Canned fish in Indonesia

Indonesia is an important player in the fish canning industry, with a domestic production capacity of 750,000 tonnes per year (BKPM, 2015). Indonesia produces canned sardines and mackerel (300 mln cans all together) for the domestic market (90%) and canned tuna for the export market (99%). Canned tuna exports held a volume of 76,752 tonnes in 2017 making Indonesia the sixth largest exporter of canned tuna products after countries like Thailand, Ecuador and the Philippines. For specific insights on the Indonesian fresh and frozen tuna industry, look at our tuna and bycatch page.

Indonesian tuna canneries are confronted with a lack of raw materials. Its deep sea fishery is not well developed and canneries are impacted heavily by the measures against IUU fishing taken by the government. Indonesia’s fishery Minister Susi Pudjiastuti imposed measures such as a ban on the transshipment of fish at open sea and the ban on license renewal for foreign built vessels. Although the measures should result in a more sustainable fishery sector, at the short term the raw material shortage worsens. The ministry plans to purchase and build new modern vessels that should fill the void that the foreign vessels have left. Also, investments in local cold chains to reduce post harvest loses of the domestic vessels are encouraged. Gradually domestic fish landings, infrastructure and supply to canneries should improve.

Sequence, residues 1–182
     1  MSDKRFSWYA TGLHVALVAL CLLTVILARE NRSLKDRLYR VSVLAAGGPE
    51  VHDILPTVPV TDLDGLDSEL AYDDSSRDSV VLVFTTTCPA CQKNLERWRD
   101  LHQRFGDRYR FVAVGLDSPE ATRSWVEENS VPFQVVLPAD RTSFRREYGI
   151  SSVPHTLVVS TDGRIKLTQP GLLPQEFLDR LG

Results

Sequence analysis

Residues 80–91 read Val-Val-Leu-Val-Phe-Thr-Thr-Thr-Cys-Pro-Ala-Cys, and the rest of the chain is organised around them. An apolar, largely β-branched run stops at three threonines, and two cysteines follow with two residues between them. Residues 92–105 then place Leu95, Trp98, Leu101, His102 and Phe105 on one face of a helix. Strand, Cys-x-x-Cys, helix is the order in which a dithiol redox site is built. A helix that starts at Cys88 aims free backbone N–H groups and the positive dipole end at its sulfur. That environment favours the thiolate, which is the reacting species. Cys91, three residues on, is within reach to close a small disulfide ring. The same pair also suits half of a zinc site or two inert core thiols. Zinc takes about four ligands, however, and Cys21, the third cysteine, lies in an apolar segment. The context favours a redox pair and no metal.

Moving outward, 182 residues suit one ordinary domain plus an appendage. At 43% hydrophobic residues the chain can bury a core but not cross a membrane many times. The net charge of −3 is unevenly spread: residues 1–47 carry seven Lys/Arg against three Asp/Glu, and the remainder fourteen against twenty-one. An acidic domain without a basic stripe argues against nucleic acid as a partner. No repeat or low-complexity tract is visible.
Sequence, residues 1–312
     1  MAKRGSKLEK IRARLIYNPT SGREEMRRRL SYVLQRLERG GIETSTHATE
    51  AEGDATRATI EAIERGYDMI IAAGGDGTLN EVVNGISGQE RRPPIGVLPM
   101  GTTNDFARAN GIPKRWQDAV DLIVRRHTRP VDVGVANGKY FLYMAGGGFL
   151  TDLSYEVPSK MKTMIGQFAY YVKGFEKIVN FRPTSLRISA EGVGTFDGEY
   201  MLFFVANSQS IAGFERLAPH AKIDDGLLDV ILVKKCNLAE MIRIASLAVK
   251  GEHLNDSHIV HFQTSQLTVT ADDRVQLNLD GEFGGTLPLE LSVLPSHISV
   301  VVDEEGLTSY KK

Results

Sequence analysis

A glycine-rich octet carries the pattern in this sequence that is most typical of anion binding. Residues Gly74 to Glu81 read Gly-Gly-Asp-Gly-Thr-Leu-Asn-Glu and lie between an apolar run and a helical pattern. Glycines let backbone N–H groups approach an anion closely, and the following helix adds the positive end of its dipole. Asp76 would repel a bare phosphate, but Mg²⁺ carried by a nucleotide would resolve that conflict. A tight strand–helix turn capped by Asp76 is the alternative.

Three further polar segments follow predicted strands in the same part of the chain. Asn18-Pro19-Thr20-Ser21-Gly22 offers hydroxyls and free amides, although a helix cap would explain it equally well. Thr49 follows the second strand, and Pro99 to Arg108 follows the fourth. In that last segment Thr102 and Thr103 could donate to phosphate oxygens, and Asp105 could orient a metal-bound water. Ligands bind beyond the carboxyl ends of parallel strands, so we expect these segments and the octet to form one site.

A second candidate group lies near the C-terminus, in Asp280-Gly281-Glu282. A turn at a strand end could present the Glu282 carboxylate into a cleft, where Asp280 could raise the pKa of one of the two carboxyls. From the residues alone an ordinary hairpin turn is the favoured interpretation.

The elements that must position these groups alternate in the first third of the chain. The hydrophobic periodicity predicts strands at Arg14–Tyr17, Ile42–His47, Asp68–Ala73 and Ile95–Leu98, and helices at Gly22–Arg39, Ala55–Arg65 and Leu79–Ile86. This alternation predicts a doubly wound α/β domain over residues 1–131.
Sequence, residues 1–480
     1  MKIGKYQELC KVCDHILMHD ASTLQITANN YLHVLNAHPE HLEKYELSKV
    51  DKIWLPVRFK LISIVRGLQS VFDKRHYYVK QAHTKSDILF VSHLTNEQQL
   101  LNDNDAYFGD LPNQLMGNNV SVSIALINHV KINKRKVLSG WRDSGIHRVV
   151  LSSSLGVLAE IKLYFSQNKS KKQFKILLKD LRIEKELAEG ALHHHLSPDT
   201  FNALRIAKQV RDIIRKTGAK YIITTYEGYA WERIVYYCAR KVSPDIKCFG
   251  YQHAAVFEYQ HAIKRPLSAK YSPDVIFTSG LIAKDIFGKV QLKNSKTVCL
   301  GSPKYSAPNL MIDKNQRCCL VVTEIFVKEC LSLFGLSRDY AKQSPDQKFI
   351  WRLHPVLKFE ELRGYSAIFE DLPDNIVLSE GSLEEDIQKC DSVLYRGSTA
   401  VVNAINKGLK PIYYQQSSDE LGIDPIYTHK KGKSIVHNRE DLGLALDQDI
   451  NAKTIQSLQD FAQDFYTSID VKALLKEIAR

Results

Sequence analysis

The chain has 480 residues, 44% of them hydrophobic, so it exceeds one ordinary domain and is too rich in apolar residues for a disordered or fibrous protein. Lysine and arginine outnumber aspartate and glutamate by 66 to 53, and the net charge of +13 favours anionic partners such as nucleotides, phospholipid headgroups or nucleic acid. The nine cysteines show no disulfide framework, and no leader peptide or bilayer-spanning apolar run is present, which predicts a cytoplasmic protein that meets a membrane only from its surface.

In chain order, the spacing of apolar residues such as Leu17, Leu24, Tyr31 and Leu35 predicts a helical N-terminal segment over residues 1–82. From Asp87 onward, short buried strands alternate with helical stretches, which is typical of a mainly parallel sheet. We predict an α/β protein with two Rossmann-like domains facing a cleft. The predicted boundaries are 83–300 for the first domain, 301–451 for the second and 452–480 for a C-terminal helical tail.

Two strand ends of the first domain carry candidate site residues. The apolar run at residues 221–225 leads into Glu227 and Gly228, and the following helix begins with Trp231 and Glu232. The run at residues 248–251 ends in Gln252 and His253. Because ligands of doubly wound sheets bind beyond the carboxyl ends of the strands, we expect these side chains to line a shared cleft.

Zoom in on the map to see the factories which have a profile in the STIP supplier database and access their company profiles.

While this page focuses on canned tuna, sardines and mackerel sector in Indonesia you can also find factories in our database that specialize in canned crabmeat, like PT. Grahamakmur Ciptapratama (Gresik) and PT. Kemilau Bintang Timur.

Canned fish
  • Factory
  • Fishing port

Canned fish production and export statistics

Species wise production

FAO (2018)

This figure provides domestic catch volumes of the species used in canning in Indonesia. The data needs to be nuanced as production numbers tend to be incomplete and uncertain due to monitoring difficulties and should be viewed as approximations. ‘Other’ include anchovy and herring species

Indonesian canneries use pelagic species. Tuna